Trying to Outlaw Dietary Supplements
In top news this past week there have been questions about the safety of dietary supplements. Yet, according to a published report by the American Association of Poison Control Centers, no one died in the year 2008 as a result of taking a supplement. Despite this safety track record, this bill would give the FDA authority to draw up a list of allowed and disallowed supplements. If the Dietary Supplement Safety Act (DSSA), S. 3002 passes, supplements could be outlawed.
Dietary Supplements Questioned
An analysis of 168,900 autopsies conducted in Florida in 2007 found that three times as many people were killed by legal drugs as by cocaine, heroin and all methamphetamines put together.
In 1998 an extensive study published in the reputable Journal of the American Medical Association (JAMA) showed that 106,000 people die each year in American hospitals from medication side effects, that averages out to nearly 300 deaths per day, every day.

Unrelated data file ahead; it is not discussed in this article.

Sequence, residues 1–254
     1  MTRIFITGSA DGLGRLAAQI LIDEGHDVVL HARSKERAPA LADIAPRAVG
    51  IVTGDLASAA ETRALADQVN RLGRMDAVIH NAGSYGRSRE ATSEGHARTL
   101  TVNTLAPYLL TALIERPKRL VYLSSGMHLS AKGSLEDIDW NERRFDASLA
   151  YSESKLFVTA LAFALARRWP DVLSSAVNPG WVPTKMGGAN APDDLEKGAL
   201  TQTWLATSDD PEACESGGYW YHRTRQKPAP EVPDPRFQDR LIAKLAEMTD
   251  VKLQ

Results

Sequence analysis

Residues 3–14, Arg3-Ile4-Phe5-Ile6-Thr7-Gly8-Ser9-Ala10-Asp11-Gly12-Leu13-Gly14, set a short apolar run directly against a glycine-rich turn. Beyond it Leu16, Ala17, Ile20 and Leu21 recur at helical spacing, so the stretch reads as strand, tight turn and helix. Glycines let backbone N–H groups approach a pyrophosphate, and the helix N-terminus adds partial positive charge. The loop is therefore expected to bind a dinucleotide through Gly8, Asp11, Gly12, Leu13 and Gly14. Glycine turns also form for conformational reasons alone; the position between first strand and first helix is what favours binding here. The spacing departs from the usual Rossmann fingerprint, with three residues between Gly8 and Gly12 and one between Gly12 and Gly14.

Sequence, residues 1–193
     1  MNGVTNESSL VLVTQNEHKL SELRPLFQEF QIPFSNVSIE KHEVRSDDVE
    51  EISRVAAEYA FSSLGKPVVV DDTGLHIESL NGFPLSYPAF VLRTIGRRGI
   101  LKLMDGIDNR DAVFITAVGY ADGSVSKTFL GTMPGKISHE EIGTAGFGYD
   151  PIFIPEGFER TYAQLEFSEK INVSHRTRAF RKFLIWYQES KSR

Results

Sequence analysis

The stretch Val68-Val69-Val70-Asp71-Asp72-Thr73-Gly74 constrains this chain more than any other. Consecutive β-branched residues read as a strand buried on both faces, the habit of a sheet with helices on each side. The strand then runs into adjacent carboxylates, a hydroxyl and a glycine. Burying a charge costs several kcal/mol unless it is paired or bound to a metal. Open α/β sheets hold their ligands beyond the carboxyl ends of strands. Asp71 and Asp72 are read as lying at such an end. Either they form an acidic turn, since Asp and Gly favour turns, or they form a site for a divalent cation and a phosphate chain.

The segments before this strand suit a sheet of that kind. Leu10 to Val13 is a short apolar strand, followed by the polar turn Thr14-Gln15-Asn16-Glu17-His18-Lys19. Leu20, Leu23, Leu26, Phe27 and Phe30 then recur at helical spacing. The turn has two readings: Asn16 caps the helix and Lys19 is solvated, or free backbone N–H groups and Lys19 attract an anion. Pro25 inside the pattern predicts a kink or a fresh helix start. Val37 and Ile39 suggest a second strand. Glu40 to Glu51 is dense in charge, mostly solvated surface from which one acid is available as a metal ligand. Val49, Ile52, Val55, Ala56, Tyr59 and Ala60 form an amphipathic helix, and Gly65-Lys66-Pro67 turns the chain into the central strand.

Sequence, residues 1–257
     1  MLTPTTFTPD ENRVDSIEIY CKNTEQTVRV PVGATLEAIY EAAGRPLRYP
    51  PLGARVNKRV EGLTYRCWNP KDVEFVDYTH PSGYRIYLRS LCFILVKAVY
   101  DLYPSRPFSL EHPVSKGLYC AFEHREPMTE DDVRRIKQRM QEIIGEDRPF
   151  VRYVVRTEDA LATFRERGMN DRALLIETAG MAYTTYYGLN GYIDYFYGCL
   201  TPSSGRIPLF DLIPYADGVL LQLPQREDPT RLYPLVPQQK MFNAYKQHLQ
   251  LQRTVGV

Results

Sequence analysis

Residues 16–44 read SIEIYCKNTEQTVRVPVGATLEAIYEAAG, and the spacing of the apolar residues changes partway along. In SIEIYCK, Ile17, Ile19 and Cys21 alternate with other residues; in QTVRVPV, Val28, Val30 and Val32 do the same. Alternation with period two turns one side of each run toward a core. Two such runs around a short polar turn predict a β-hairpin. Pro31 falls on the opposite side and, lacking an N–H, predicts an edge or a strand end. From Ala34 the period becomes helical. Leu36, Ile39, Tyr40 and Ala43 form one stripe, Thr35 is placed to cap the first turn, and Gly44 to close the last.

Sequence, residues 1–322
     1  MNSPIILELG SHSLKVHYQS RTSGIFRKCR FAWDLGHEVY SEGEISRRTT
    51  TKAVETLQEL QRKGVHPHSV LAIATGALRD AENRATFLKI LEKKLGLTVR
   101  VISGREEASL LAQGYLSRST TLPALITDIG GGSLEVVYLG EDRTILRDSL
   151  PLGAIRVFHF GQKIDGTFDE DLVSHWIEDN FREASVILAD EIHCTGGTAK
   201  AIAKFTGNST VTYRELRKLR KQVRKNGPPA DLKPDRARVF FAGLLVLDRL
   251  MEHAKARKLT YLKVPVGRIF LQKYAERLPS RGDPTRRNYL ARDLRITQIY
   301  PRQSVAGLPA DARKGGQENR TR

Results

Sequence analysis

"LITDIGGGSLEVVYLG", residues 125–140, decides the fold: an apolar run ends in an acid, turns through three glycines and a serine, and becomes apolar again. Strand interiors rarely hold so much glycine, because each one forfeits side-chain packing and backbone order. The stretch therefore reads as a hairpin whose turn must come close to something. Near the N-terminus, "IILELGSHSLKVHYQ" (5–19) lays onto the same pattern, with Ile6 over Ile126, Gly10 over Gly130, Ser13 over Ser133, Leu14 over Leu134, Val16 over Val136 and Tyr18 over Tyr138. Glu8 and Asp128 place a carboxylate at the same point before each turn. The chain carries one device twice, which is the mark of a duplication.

Senator John McCain (R-Ariz.) and the pharmaceutical companies want to pass The Dietary Supplement Safety Act (DSSA), S. 3002 which would outlaw supplements without a prescription.
The bill, that has been introduced to the Senate would drive up the cost of dietary supplements and restrict your access to them. This bill seeks to give the FDA arbitrary control over what supplements people are allowed to have.
If this bill is passed, it will make it far easier for pharmaceutical companies to file use patents on what are now inexpensive supplements and convert them into high priced “prescription drugs.”
This is obvious by looking at looking at the cost of prescription drug fish oil that that many cardiologists are prescribing to their patients. It costs about seven times more than the same amount of EPA/DHA fish oil you can buy as a supplement.
In the early 1990s, the FDA stated that many of the supplements used today, including CoQ10, selenium, and chromium, were dangerous. The public revolted against the FDA’s proclamation led to passage of the Dietary Supplement Health and Education Act (DSHEA) of 1994.
This is the law that protects consumers’ rights to access low-cost supplements. The Dietary Supplement Safety Act (DSSA) would largely eviscerate the protections afforded by DSHEA.
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